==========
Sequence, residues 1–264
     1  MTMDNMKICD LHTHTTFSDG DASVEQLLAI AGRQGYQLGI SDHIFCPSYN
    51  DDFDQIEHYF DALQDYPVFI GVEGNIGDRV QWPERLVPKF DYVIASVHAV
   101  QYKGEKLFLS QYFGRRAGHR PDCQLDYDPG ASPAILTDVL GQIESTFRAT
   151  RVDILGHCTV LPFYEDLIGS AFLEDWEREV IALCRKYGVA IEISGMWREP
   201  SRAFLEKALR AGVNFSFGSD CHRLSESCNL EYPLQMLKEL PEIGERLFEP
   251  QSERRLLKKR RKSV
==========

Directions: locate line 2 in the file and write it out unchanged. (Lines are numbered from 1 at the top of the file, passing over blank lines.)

     1  MTMDNMKICD LHTHTTFSDG DASVEQLLAI AGRQGYQLGI SDHIFCPSYN